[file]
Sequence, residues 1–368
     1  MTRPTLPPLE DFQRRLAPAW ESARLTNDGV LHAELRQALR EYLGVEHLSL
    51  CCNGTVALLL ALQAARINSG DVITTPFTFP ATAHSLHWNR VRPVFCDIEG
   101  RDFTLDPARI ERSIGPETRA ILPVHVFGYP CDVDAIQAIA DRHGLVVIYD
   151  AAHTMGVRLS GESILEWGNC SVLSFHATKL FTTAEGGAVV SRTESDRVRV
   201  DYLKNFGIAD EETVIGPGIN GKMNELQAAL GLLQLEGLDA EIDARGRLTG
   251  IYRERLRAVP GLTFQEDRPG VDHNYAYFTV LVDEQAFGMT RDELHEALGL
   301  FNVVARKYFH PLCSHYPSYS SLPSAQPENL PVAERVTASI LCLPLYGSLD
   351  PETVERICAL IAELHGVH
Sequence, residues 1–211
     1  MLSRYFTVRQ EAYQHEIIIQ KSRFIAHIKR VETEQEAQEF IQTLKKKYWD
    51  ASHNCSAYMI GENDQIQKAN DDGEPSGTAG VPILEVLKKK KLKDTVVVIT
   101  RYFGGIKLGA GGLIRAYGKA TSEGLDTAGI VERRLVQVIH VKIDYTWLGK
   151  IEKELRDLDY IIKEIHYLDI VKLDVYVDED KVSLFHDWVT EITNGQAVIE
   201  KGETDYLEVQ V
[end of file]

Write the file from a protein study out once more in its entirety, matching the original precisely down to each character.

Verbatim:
Sequence, residues 1–368
     1  MTRPTLPPLE DFQRRLAPAW ESARLTNDGV LHAELRQALR EYLGVEHLSL
    51  CCNGTVALLL ALQAARINSG DVITTPFTFP ATAHSLHWNR VRPVFCDIEG
   101  RDFTLDPARI ERSIGPETRA ILPVHVFGYP CDVDAIQAIA DRHGLVVIYD
   151  AAHTMGVRLS GESILEWGNC SVLSFHATKL FTTAEGGAVV SRTESDRVRV
   201  DYLKNFGIAD EETVIGPGIN GKMNELQAAL GLLQLEGLDA EIDARGRLTG
   251  IYRERLRAVP GLTFQEDRPG VDHNYAYFTV LVDEQAFGMT RDELHEALGL
   301  FNVVARKYFH PLCSHYPSYS SLPSAQPENL PVAERVTASI LCLPLYGSLD
   351  PETVERICAL IAELHGVH
Sequence, residues 1–211
     1  MLSRYFTVRQ EAYQHEIIIQ KSRFIAHIKR VETEQEAQEF IQTLKKKYWD
    51  ASHNCSAYMI GENDQIQKAN DDGEPSGTAG VPILEVLKKK KLKDTVVVIT
   101  RYFGGIKLGA GGLIRAYGKA TSEGLDTAGI VERRLVQVIH VKIDYTWLGK
   151  IEKELRDLDY IIKEIHYLDI VKLDVYVDED KVSLFHDWVT EITNGQAVIE
   201  KGETDYLEVQ V